Here are the three upsides of locum tenens medicine that I’ve noticed over the last year while working as a locum tenens urologic surgeon.
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In the past year, I’ve embraced the dual roles of a locum tenens physician and a real estate investor. While I’ve previously shared the challenges of locum tenens, such as job insecurity, family separation, and solitude, I also experienced its positive aspects. After all, there’s a reason why I’m still doing it after all these months.
So below, I’ll delve into these benefits to balanced out the prior perspective. I’ve ordered them from least important to most important (at least in my view).
Watch the video on YouTube below or continue reading for the blog version!
The Handoff System: A Relief from Nonclinical Overload
In my Southern California full-time physician role, nonclinical tasks like managing patient messages, lab results, and notes consumed about two hours daily. This is based on an actual study my institution did that tracked the amount of time physicians spent logged into the electronic medical system outside of their set work hours.
This spillover of non-clinical work into personal time is a significant contributor to physician burnout. However, as a locum tenens physician, this burden lifts once the assignment ends. Effective handoff systems, involving either mid-level professionals or the next locum physician, ensure a smooth transition, allowing me to disengage completely once off duty. These systems are intrinsic to the role of a locum tenens.
This significant reduction in nonclinical busywork is, in my experience, is a huge advantage for locum tenens. I know that when I head back to Memphis, there’s very little work that’s going to follow me home.
Higher Compensation: Efficient Income Generation
The second factor that is an upside of locum tenens is the compensation.
Locum tenens typically offers higher hourly compensation than full-time positions. In my opinion, this is a reflection of basic supply and demand dynamics and the inconvenience associated with travel.
It makes sense, since when a hospital needs the services of locum tenens, they are admitting that there is an insufficient supply of local physicians to meet their needs. Since their demand for services is higher than their supply, they’re willing to pay a higher than normal rate to bring in outside help. Hospitals also need to compensate for the inconvenience of travel, which adds to the rate as well.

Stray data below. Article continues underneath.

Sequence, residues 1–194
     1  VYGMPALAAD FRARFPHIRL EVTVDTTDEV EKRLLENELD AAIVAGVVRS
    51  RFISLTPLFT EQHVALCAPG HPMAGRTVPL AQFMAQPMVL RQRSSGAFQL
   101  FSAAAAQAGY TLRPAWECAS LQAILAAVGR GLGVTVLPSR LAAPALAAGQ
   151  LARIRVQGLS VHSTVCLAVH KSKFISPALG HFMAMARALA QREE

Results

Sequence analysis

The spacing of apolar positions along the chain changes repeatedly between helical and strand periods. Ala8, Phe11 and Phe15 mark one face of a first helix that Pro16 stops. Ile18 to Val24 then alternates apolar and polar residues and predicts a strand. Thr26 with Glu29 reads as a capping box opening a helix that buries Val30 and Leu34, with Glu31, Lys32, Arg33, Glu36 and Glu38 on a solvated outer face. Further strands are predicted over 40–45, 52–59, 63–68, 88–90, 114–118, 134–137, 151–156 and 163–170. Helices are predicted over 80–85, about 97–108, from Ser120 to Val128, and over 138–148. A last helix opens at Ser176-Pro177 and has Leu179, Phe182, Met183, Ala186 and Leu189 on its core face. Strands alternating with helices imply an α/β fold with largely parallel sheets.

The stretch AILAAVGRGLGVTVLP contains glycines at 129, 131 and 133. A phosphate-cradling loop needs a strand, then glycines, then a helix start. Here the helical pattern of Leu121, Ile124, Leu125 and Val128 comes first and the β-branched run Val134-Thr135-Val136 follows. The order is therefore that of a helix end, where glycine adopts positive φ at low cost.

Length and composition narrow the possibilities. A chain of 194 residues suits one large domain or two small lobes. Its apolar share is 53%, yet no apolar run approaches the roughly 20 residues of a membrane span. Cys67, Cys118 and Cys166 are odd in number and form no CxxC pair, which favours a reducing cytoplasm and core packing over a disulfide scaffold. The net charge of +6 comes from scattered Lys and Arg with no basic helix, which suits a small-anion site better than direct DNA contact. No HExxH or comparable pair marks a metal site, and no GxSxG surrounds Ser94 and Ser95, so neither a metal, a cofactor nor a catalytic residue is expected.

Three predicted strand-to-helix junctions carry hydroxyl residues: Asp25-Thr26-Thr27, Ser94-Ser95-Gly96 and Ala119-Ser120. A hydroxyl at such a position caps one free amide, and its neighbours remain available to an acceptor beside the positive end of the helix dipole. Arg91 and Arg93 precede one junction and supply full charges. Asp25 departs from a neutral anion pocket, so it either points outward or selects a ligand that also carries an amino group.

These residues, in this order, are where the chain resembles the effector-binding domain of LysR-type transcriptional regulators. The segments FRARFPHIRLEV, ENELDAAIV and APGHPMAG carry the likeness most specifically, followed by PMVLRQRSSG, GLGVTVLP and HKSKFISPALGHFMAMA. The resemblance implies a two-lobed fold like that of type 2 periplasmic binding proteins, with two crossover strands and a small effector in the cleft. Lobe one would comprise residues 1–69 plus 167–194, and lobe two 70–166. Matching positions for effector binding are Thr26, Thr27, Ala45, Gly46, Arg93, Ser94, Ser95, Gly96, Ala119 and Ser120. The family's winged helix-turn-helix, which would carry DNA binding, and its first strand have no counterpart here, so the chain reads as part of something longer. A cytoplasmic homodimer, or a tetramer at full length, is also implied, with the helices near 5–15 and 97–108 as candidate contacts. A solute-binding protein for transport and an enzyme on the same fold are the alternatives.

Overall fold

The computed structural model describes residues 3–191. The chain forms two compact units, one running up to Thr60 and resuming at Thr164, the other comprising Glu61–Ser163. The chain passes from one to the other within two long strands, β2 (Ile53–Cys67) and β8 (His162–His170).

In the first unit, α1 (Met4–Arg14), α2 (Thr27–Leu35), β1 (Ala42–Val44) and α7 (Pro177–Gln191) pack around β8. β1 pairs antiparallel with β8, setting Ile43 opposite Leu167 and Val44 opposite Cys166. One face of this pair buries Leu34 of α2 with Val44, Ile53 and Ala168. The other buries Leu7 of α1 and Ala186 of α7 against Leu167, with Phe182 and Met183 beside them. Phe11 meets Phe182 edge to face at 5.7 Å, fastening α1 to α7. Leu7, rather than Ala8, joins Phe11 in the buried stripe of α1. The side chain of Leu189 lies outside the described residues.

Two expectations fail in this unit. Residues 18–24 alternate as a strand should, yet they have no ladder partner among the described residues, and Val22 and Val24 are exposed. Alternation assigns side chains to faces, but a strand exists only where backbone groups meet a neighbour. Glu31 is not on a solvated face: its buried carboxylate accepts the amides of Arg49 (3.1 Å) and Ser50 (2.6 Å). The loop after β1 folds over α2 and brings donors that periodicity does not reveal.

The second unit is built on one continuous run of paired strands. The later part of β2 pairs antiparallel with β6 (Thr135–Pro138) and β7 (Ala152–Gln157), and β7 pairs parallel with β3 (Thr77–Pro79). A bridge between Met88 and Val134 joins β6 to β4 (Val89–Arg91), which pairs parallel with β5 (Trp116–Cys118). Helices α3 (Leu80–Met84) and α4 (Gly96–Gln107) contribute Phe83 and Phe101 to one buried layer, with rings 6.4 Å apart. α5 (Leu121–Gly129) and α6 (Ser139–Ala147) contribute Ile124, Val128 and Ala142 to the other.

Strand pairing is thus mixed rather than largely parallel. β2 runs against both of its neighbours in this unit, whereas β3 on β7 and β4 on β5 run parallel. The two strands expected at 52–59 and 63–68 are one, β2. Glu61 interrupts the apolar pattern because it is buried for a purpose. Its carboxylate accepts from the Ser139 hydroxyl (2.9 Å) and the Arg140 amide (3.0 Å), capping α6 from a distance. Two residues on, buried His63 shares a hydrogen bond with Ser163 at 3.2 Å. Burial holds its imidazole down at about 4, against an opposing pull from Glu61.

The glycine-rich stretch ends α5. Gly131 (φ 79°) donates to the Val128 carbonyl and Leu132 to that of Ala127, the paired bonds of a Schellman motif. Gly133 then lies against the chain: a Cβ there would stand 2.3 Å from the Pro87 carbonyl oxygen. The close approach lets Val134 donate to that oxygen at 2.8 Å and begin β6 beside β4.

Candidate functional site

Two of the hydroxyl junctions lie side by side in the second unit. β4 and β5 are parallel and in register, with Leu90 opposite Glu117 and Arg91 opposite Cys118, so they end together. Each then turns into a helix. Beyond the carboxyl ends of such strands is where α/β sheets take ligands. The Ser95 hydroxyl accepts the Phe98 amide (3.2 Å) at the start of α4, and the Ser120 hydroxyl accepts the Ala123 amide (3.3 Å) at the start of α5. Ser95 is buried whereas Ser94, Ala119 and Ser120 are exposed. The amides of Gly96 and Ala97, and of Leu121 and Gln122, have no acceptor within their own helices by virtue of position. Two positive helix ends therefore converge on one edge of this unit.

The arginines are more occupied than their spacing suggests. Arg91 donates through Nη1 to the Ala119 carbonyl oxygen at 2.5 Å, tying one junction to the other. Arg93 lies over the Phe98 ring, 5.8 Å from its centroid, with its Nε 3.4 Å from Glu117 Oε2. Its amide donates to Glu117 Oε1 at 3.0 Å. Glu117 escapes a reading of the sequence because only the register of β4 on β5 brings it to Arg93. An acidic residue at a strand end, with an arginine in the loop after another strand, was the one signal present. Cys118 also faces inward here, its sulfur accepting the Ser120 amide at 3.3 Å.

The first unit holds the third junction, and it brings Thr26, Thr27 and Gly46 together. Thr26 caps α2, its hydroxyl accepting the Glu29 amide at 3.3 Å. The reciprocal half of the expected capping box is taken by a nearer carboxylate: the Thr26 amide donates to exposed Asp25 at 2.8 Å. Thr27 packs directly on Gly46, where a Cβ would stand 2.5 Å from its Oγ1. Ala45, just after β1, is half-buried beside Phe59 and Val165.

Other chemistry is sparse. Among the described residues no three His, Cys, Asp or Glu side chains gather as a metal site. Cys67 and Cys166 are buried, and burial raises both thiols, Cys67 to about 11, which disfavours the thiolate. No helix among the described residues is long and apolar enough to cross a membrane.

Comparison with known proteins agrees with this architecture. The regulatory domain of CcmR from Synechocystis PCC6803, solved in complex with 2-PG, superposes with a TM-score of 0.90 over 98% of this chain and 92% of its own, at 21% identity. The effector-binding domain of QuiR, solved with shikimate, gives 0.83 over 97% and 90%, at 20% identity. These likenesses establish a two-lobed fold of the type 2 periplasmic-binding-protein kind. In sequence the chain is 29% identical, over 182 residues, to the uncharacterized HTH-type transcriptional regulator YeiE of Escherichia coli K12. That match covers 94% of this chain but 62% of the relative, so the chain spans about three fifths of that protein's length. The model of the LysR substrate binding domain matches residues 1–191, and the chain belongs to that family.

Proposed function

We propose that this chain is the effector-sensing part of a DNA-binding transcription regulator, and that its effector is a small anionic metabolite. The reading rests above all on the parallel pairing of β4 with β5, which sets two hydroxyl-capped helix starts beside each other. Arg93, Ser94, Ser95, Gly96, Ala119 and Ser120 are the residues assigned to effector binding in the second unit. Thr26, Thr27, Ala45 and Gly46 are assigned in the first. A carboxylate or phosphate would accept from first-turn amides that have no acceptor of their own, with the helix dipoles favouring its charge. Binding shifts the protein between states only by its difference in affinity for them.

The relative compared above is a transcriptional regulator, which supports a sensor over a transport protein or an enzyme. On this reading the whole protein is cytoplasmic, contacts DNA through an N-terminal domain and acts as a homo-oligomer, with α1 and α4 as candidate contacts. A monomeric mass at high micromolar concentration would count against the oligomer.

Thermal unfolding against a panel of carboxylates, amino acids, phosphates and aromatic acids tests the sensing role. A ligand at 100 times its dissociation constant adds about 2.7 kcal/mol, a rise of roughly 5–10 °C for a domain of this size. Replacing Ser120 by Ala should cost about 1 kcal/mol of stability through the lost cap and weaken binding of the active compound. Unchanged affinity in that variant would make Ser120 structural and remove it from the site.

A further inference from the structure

In my experience as a locum tenens urologic surgeon, I’ve found that despite working only a third of the month, I can generate approximately as much income as a month’s work as a full time (employed) urologist. This efficiency in generating income, while varying across specialties, is a huge benefit of locums.
Autonomy Over Time: The Ultimate Upside
The most significant advantage, however, is the autonomy over my schedule.
Locum tenens work can be very demanding when I’m on duty. For example, when I travel for a gig, I’m generally on call 24/7 for the entire week. If I get destroyed by ER consults one night, I can’t rely on the next day to recover like I could when I shared rotating call duties with a group of 13 other urologists. I still have to get up and take care of all of the rounding, consult duties, and scheduled surgery cases the next day.
But despite the on-call responsibilities and potential emergencies, I know that my demanding week is a conscious choice. I decide the duration and location of my assignments, and once completed, the time off is entirely mine.
This autonomy allows me to indulge in my myriad of other professional interests, like real estate investing and my upcoming new business of offering passive real estate investments to others.
I also love having a social media platform to talk about issues that are important to me. This control over my schedule is a stark contrast to the rigidity of full-time work and a key factor in my career longevity. In contrast, lack of autonomy is a huge factor that contributes to rampant burnout in the majority of physicians practicing today.
While locum tenens has its challenges, the advantages of reduced nonclinical work, enhanced compensation, and autonomy over time significantly contribute to its appeal. I fully believe that without locums, I’d be stifled in my ultimate goals of building community and businesses on my ongoing quest for growth and contribution.
— The Darwinian Doctor
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